Rumsfeld Promises U.S. Support for Ukraine's NATO Ambitions
By Donna Miles
American Forces Press Service
VILNIUS, Lithuania, Oct. 23, 2005 Defense Secretary Donald Rumsfeld assured Ukraine's defense minister today the United States will continue its efforts to help the former Soviet state make the reforms necessary for it to qualify for NATO membership.
"Progress has been made," Rumsfeld told reporters of Ukraine's efforts following a bilateral meeting here with Ukraine Defense Minister Anatoliy Hrytsenko. "We encourage it and are available to be of assistance" to support Ukraine.
Rumsfeld and Hrytsenko are among 10 defense ministers who will participate in the Informal NATO-Ukraine High Level Consultations here Oct. 24.
The meeting, the fourth of its kind during the past four years, is part of an intensified dialog under way in response to Ukraine's interest in accelerating its admission to NATO.
That dialog was launched six months ago, marking a milestone in NATO-Ukraine relations and setting what NATO officials call a "clear signal" that the allies support Ukraine's membership aspirations.
"We are all interested in working with them to encourage them to undertake the kinds of reforms that will put them on that path," Rumsfeld said following a bilateral session today with the Lithuanian Defense Minister Gediminas Kirkilas, whose country is among NATO's newest members, joining in the North Atlantic Alliance in the spring of 2004.
NATO has a solid interest in welcoming Ukraine into its ranks, a senior defense official told reporters on background. "A stable, democratic and independent is extremely important to European and Western security, so there have been motivations on both sides," he said.
Final acceptance into the alliance will be based on Ukraine's progress on key reform goals. Senior U.S. officials told reporters today those goals involve political, economic and defense reforms, with defense initiatives moving forward the most rapidly.
Earlier during an eight-day trip through Asia that concludes here, Rumsfeld said the United States and its NATO allies have worked diligently to help Ukraine make "the kinds of reforms and changes and adjustments in their military so they can get on a path that will bring them closer to NATO."
Among these efforts is a program to reduce conscription within the Ukrainian military to promote a more professional military, elevate the quality of its noncommissioned officer corps, enhance staff officer skills, and improve Ukraine's military education system, a senior defense official said on background.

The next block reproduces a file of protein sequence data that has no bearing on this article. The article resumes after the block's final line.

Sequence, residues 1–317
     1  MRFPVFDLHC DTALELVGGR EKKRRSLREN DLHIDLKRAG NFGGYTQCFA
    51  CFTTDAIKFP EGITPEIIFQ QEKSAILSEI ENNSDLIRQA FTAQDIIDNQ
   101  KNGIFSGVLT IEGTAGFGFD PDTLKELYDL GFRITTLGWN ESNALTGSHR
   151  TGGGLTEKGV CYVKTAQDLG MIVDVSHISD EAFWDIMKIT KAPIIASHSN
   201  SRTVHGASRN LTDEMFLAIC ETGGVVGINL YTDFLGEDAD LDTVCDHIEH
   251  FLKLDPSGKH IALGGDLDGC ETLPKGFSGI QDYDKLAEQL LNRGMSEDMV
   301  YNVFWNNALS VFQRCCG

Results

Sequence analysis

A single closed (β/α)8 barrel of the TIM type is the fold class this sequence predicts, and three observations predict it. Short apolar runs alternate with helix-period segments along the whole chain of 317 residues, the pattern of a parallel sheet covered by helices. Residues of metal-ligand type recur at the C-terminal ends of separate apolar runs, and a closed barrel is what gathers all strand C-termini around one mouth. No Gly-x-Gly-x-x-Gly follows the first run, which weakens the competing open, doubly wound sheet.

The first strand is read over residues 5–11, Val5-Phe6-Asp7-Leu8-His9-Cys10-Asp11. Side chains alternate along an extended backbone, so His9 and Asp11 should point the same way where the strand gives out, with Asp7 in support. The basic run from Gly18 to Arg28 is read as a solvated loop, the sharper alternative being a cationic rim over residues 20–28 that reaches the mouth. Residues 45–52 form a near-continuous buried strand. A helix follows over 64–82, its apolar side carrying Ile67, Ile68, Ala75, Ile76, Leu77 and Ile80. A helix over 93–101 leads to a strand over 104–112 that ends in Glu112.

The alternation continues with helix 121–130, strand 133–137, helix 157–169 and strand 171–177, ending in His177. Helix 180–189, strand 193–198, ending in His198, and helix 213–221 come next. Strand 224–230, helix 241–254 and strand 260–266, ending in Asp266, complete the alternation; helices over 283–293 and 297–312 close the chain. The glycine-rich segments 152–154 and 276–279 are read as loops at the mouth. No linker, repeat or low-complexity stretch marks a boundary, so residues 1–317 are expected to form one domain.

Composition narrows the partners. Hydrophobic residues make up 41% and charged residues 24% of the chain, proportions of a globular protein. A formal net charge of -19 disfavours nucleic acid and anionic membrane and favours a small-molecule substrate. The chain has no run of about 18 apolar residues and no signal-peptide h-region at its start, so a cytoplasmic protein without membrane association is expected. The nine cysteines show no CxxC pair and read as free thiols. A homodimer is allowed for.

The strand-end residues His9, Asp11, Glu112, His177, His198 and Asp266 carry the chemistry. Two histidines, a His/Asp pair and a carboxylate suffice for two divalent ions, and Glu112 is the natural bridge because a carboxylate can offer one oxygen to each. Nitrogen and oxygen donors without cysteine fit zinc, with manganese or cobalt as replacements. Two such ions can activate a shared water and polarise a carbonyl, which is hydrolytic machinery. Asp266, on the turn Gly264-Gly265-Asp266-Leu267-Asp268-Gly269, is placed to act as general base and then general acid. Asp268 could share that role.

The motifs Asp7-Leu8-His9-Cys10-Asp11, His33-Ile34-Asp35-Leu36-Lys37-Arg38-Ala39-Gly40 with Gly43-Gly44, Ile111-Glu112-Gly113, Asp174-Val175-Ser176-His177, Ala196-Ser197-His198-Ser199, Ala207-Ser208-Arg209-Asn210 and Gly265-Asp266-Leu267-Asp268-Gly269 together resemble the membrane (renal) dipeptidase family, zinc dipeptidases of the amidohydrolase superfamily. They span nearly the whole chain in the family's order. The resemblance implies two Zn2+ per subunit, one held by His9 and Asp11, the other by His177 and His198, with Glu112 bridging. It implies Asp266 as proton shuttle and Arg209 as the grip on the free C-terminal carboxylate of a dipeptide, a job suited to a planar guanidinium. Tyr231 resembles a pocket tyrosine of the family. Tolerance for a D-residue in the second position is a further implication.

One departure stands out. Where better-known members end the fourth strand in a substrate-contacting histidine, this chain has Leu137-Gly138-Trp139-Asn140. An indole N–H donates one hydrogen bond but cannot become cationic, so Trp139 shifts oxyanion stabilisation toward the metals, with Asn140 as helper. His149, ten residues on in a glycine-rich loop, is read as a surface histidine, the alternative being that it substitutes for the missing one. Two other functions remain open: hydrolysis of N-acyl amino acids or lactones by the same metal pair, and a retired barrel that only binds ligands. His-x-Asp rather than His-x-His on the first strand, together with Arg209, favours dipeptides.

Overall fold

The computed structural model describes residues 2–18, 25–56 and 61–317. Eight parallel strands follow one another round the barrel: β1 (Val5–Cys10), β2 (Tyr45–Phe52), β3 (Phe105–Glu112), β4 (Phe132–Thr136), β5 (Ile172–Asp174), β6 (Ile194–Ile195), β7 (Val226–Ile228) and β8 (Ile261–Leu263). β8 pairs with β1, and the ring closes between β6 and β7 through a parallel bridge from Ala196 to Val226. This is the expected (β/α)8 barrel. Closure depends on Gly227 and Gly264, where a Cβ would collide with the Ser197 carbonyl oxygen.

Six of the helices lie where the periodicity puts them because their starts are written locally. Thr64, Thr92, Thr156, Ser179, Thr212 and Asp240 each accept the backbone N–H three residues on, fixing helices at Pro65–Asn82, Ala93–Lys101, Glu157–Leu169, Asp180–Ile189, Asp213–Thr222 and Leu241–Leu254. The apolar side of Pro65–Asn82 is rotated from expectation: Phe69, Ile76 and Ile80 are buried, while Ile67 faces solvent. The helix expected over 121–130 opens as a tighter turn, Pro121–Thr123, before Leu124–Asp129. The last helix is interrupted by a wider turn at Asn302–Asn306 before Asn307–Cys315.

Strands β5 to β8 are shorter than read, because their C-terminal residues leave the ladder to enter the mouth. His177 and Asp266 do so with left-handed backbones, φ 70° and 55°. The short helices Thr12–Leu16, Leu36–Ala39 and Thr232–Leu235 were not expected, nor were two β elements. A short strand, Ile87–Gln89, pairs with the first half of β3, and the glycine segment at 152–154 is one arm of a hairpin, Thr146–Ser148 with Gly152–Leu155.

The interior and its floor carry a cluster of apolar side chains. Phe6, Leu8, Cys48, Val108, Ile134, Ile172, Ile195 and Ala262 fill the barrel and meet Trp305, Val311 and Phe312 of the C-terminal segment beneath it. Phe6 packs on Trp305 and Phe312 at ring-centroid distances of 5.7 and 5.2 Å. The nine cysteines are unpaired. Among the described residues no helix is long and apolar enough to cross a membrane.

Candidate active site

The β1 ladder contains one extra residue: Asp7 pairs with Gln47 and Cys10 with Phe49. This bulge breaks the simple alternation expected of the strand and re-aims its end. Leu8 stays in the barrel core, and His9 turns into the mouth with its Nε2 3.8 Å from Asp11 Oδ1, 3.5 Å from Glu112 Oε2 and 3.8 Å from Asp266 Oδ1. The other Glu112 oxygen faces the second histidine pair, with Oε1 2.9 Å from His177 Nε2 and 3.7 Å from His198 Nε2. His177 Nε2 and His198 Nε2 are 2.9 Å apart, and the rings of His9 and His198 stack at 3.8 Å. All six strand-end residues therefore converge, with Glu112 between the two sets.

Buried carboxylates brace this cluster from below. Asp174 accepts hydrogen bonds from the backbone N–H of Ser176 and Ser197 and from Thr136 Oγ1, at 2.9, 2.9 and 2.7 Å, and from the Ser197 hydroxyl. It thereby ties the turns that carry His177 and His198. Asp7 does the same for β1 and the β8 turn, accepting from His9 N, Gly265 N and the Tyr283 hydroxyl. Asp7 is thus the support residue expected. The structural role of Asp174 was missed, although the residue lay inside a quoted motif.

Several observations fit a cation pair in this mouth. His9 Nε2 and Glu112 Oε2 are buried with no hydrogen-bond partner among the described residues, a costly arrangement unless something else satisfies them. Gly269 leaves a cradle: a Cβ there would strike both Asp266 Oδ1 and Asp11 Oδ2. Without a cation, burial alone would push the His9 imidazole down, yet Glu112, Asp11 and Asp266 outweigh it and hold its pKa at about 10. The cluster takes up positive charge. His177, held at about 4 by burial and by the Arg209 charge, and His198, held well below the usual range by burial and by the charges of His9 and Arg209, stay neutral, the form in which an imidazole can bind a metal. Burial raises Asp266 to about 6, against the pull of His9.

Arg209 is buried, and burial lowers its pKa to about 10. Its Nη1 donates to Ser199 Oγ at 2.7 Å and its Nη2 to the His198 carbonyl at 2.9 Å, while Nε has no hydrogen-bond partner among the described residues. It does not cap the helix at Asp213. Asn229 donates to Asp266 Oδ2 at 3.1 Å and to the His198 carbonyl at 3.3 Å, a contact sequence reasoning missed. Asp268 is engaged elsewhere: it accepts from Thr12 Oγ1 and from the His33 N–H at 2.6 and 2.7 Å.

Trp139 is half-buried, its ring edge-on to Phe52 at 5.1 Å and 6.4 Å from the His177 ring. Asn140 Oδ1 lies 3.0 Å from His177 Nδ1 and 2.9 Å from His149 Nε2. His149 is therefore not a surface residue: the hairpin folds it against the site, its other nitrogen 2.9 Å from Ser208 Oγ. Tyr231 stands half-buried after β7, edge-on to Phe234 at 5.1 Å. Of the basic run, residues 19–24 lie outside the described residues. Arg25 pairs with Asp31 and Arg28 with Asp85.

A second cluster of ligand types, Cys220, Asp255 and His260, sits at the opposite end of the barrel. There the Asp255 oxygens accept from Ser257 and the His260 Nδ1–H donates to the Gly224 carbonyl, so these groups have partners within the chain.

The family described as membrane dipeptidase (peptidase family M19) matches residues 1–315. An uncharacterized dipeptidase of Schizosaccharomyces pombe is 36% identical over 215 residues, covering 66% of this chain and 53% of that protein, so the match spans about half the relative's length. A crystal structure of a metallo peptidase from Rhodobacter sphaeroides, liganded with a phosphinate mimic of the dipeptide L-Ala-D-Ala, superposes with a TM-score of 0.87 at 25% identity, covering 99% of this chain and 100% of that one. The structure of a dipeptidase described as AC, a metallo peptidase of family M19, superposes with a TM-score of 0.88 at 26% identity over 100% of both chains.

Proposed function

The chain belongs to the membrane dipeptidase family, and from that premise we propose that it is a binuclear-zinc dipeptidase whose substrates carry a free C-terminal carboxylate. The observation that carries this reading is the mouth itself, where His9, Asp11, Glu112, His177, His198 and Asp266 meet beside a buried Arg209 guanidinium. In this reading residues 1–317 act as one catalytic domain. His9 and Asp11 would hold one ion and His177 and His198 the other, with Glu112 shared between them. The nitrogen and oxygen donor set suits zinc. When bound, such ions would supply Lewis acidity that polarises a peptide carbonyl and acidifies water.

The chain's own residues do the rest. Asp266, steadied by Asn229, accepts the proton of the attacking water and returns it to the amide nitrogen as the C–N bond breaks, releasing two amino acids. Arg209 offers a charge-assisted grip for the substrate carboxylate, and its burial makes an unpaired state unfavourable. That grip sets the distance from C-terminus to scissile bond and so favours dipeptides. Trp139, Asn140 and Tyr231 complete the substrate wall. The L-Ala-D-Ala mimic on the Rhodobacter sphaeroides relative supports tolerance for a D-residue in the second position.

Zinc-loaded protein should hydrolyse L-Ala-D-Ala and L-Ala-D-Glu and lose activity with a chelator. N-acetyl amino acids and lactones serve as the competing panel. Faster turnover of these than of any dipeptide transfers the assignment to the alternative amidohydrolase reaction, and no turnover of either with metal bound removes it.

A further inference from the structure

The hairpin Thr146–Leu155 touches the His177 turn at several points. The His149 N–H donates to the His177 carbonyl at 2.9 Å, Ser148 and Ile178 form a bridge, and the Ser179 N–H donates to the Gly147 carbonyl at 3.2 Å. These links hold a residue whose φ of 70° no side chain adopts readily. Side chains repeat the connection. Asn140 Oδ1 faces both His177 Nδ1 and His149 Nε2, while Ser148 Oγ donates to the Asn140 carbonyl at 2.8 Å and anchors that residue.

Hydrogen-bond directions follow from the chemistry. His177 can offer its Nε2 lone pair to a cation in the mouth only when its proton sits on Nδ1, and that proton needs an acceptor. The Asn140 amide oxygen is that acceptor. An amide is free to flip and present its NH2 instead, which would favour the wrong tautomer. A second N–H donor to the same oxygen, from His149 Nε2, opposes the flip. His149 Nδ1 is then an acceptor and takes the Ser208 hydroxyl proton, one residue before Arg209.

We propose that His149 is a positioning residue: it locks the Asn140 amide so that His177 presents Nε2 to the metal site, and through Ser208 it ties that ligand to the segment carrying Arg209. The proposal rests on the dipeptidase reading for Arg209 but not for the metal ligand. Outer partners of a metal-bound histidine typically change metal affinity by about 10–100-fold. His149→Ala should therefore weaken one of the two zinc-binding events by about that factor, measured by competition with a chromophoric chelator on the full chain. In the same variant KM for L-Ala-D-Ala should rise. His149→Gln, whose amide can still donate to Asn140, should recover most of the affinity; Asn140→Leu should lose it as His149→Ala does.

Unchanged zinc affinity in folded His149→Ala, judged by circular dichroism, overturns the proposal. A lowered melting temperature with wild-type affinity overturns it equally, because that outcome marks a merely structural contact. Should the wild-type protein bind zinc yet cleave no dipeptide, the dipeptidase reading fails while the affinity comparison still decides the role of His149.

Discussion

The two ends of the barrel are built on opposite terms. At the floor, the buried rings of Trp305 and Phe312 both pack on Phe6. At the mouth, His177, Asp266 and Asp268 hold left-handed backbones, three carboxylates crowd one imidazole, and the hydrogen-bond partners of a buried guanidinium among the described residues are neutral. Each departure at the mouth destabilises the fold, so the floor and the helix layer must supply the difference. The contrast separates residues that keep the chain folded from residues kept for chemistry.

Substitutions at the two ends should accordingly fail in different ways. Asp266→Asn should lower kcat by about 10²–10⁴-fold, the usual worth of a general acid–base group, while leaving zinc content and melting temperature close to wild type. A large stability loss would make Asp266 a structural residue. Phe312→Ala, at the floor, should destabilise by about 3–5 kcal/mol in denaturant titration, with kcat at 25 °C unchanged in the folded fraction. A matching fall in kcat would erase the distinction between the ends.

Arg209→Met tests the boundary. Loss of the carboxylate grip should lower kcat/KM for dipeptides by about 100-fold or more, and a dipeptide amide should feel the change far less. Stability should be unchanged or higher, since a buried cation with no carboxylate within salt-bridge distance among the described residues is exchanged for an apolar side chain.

Another key focus is replacing Ukraine's Soviet legacy equipment and tactics with those suited to a lighter, more highly deployable force, he said.
While transforming its military, Ukraine has become a solid partner in the war on terror, a senior military official said. Ukraine has about 900 troops serving in Iraq in Multinational Division Central South and provides blanket overflight clearance for missions to Afghanistan.
Ukraine also will soon begin participating in antiterrorist naval patrols in the Mediterranean Sea as part of Operation Active Endeavor.
Meanwhile, Ukraine is beginning "to behave like an ally" in other ways as well, an official said, including providing airlift for missions in support of Darfur, Sudan, and relief efforts in response to the Pakistan earthquake and the U.S.'s Hurricane Katrina.
"This team is really kicking," the official noted.
After meeting today with Rumsfeld, Lithuanian President Valdas Adamkus told reporters that based on his country's experience in working toward and gaining admission to NATO, he's convinced that Ukraine can do the same.
Adamkus vowed to continue helping Ukraine maintain its forward momentum, including helping it with the critical task of educating its people about the value of joining the alliance and gaining their support.
Rumsfeld told reporters he expects to see "a substantial movement in support of NATO" within Ukraine "as some of the myths and misunderstandings and misinformation are expelled."
During an Oct. 20 address to the Diplomatic Academy in Kyiv, Ukraine, NATO Secretary-General Jaap de Hoop Scheffer praised Ukraine's advances on the political and economic fronts as well. These reforms are factored into NATO eligibility criteria.
De Hoop Scheffer cited Ukraine's dramatic improvements made this year in promoting freedom of the media, as well as progress in opening political programs to debate and enabling what he called "a vibrant parliamentary opposition" to take shape.
Ultimately, all political forces in Ukraine "need to demonstrate that they are willing to be able to build strong, reliable democratic institutions and to keep these institutions free from corruption," he said.
NATO-Ukraine relations date back to 1991, when Ukraine joined the North Atlantic Cooperation Council immediately after gaining independence. That organization was later renamed the Euro-Atlantic Partnership Council.
Three years later, Ukraine became the first member of the Commonwealth of Independent States to join the Partnership for Peace program. That program promotes security and defense cooperation between NATO and partner countries.
Since then, the 1997 NATO-Ukraine Charter on a Distinctive Partnership formalized NATO-Ukraine relations, identifying areas for consultation and cooperation. These include peace-support operations and security, defense security sector reform, economic aspects of defense, military-to-military cooperation, armaments, civil emergency planning and scientific and environmental cooperation, officials said.